Hawaiki signs contract with TE Subcom to supply, lay Australia-NZ-US cable
Hawaiki, which is trying to raise $US350 million to lay fibre between Australia, New Zealand, Hawaii and the mainland US, says it has contracted US company TE Subcom to supply and install its proposed 14,000km cable.
It's another promising step for the company, which earlier said it has signed anchor contracts with Australia's TPG and New Zealand's Orcon, as well as a memorandum of understanding with the Northland Regional Council to land the cable (the MoU also has a role for the Northland local authority in raising funds).
And again, it's retracing Pacific Fibre's footsteps.
Pacific Fibre also had the New Jersey-based TE Subcom signed up to build its proposed Sydney-Auckland-LA cable (ultimately abandoned after less than half the required $NZ400 million was raised, despite anchor customer contracts from Vodafone, CallPlus, Australia's iiNet and Crown company Reannz).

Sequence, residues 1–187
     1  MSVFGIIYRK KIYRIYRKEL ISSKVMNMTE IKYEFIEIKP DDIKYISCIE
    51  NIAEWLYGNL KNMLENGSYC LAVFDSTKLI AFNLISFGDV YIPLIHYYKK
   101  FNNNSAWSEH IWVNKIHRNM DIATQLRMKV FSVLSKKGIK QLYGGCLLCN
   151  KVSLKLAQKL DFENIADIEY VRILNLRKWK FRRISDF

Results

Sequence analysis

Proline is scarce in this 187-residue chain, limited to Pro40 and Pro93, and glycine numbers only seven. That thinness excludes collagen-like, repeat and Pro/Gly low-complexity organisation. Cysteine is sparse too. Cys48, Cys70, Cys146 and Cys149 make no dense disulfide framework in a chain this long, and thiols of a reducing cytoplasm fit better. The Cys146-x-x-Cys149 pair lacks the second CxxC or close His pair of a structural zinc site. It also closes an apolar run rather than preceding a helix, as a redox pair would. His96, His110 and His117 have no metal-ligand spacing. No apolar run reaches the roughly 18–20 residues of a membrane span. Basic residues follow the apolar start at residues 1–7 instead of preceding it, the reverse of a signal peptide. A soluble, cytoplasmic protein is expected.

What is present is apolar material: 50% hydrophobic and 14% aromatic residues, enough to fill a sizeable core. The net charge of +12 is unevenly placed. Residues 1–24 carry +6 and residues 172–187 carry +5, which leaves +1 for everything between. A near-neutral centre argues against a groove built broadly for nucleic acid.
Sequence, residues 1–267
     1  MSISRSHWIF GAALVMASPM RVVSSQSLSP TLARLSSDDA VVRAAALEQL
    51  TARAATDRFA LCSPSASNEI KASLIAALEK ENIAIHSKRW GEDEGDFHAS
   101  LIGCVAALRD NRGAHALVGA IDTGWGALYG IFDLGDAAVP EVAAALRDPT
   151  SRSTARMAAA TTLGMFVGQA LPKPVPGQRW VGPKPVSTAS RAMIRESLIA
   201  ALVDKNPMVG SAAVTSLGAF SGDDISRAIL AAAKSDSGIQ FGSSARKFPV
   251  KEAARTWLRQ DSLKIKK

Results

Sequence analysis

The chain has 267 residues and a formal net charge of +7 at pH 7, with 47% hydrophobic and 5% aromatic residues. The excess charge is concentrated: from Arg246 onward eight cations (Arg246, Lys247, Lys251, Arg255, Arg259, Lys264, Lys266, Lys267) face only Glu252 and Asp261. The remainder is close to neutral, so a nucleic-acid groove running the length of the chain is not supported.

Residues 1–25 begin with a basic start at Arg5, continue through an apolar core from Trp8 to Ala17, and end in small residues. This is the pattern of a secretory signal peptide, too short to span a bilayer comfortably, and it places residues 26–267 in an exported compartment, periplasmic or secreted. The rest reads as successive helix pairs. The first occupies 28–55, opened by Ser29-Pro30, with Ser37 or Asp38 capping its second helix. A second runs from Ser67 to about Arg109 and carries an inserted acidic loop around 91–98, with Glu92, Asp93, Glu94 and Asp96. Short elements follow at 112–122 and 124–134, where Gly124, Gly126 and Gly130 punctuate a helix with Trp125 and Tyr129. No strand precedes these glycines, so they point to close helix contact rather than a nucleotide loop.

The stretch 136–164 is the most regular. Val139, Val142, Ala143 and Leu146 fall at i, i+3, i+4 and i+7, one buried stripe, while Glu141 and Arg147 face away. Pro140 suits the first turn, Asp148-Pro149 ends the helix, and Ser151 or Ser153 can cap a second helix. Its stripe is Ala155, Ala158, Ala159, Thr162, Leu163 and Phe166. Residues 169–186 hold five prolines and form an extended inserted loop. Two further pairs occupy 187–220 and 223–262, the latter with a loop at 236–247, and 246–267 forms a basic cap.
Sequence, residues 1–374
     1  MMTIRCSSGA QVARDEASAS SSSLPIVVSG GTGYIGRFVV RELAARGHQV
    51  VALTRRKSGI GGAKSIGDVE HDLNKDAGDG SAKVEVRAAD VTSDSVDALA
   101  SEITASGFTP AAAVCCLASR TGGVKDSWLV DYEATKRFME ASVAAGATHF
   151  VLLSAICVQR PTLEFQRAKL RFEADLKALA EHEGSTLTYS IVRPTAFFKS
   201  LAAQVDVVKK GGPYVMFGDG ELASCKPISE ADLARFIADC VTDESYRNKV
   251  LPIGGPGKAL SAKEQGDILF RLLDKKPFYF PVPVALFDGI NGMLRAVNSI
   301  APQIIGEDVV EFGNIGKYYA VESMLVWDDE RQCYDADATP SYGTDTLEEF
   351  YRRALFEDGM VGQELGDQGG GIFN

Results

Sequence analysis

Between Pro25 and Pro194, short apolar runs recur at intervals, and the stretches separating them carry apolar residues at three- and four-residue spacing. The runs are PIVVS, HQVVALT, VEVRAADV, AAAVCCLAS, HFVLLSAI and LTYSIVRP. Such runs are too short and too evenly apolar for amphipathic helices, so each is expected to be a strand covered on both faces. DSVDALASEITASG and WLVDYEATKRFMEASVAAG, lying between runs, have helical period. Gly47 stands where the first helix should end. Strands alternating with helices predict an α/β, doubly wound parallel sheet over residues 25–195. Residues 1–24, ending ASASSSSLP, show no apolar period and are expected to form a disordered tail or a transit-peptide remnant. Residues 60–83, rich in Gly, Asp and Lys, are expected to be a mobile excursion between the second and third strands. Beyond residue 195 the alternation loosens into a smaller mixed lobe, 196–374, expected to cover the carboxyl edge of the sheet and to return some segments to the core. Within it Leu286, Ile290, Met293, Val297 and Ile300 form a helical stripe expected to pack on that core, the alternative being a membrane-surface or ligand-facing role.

Still, those who want to see competition for the 50% Telecom-owned Southern Cross Cable will have their fingers crossed.
Last week, the government put $15 million in the pot for a new Australia-NZ-US cable in the form of an anchor customer bandwidth contract from Crown company Reannz.ICT Minister Amy says Hawaiki is eligible to apply for the Reannz contract (while Hawaiiki's CEO Remi Glasso is based in Noumea, a spokesman for the company tells NBR the company is registered in NZ).
China's Huawei is generally considered the most keenly priced submarine cable supplier, but is in a tricky political spot across the Tasman where the outgoing Gillard-Rudd government banned it from bidding on the National Broadband Network (NBN) over security concerns (denied by Huawei) and opened an investigation into a proposed Huawei cable between Perth and Singapore.
Rival TE Subcom was pushed by then US Secretary of State Hillary Clinton during her 2010 visit to NZ.
RAW DATA: Hawaiki statement